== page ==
Campaign Director, 100% Campaign
Last month, the 2021 State Legislative Session ended. Finally. After a 1st Special Session and a Senate-only extra week.
We made some tangible progress on equitable climate solutions in 2021, but the closing days of the session were rough.
On Tuesday, Senate Majority Leader Paul Gazelka told Gov. Tim Walz that the Senate was preparing to deny the confirmation of Laura Bishop to be the Commissioner of the MN Pollution Control Agency, a position she held for 2.5 years. This forced her swift resignation.
The Senate majority opposed our new Clean Cars rule for over a year. When they couldn’t block it in the regulatory process or at the Legislature itself, they used the Senate confirmation process as political payback.
You may remember that last September, the Senate also fired the Commerce Commissioner, Steve Kelley, as payback for the department’s appeal to oppose Line 3.
While the Senate majority’s obstruction on behalf of the fossil fuel industry is not new, refusing to confirm Laura Bishop revealed how deep it goes.
On Tuesday, MPR News reporter Brian Bakst shared a portion of his Tuesday interview with then-Commissioner Bishop. In it, she said that during legislative negotiations this year, the Senate majority “would not allow for the words ‘climate change’, they would not allow for the words ‘environmental justice’ and they would not allow for the word ‘equity'” to be included in the laws our Legislature was creating.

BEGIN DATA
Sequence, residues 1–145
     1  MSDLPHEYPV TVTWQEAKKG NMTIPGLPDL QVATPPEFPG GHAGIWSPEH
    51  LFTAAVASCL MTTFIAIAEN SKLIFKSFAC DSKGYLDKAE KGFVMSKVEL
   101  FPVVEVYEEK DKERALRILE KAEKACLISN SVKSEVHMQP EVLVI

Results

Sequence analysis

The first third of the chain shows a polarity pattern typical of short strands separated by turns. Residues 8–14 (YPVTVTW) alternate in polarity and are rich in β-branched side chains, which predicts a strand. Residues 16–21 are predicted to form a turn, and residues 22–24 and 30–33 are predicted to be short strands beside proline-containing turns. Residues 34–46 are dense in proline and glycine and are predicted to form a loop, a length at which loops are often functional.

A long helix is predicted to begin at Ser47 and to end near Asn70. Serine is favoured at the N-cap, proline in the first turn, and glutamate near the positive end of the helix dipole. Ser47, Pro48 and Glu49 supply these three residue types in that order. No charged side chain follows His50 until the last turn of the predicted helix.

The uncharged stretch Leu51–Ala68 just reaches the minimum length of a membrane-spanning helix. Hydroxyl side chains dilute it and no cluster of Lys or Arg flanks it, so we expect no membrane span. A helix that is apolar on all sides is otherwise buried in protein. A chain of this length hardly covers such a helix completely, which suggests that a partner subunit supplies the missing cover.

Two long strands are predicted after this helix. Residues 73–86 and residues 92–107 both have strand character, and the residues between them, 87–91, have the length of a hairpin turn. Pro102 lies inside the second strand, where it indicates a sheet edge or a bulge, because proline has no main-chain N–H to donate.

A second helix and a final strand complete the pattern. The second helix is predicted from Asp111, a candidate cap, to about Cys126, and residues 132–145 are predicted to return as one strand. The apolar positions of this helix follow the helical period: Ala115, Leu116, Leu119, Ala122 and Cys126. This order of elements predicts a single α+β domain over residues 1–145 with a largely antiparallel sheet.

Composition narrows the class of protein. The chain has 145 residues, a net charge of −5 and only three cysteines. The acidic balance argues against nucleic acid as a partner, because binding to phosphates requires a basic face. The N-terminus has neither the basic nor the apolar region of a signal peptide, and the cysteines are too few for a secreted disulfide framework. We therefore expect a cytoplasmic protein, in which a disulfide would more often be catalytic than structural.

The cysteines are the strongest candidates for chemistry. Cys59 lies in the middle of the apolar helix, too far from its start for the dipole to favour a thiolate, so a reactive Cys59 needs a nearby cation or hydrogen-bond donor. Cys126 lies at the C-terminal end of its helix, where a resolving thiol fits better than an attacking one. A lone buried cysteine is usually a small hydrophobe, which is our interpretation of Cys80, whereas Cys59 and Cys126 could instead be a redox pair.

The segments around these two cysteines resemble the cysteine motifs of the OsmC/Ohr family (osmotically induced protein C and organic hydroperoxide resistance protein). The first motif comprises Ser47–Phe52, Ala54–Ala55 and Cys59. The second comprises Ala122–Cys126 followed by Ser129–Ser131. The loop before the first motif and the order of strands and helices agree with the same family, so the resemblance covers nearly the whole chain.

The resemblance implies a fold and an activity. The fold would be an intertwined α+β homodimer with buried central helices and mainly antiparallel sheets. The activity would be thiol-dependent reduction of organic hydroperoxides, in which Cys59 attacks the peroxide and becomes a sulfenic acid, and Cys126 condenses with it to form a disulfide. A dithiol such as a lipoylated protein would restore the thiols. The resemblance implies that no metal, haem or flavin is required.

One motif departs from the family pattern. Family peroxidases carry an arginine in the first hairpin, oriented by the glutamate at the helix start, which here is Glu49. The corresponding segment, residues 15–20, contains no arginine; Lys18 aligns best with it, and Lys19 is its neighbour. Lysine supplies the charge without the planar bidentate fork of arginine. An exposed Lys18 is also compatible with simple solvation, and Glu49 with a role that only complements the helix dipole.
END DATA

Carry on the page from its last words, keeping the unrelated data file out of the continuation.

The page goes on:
The Senate majority’s commitment to denying climate change and protecting racial hierarchy runs that deep. That’s what we’re up against. That’s how they’re blocking progress on issues that the majority of Minnesotans support.
Still, in spite of Senate obstructionism, Minnesota’s climate and clean energy advocates secured tangible climate wins this year.
This year, the Legislature passed over $328 million in new climate investments. Here are some highlights:
- Passing the ECO Act, a law that increases energy-efficiency for low-income families
- Investing over $20m in solar on schools and community colleges
- Establishing a new Energy Transition Office to plan fossil fuel plant retirements
- Committing $2.5m for a clean energy jobs training program for BIPOC workers
- Expanding a solar manufacturing plant in Mountain Iron, MN
- Updating future weather impacts modeling at the U of M
- Extending the cold-weather rule to prevent utility shut-offs
- Funding Bus Rapid Transit on the E-Line and F-Line
- Planning for zero-emissions transit buses in the metro area
- Planning to put lower-emitting buses in areas with the lowest air quality first
- Committing $5m to programs to improve walking and biking options
- Creating two new Climate Adaptation programs focused on flood mitigation
- Investing $5.9m in tree planting focused on carbon sequestration
- Setting a new statewide goal for carbon sequestration in Minnesota forests
- Launching an Emerging Farmer Office focused on women and BIPOC farmers
- Committing $5.5m to support farmers using soil-health practices
- Spending with $4.7m to study innovative soil health practices across the state
You can see the whole list here.
Thanks for all your work this year. Your emails, phone calls, and tweets made a difference. If you reached out to your State Senator or State Representative, you made more possible.
The fossil fuel industry (and the Senators they back) may try to stop us, but they can’t.
The majority of Minnesotans want a 100% equitable and clean energy future.
With their support, together, we can make it happen.
Chris Conry is the Campaign Director of the 100% Campaign. He has been organizing in Minnesota since 2002. Previously, he was the Strategic Campaigns Director at TakeAction Minnesota, a negotiator and organizer for the Service Employees International Union Local 284 and the United Food & Commercial Workers Union Local 1189, and the Volunteer Coordinator for Paul Wellstone’s 2002 Senate race.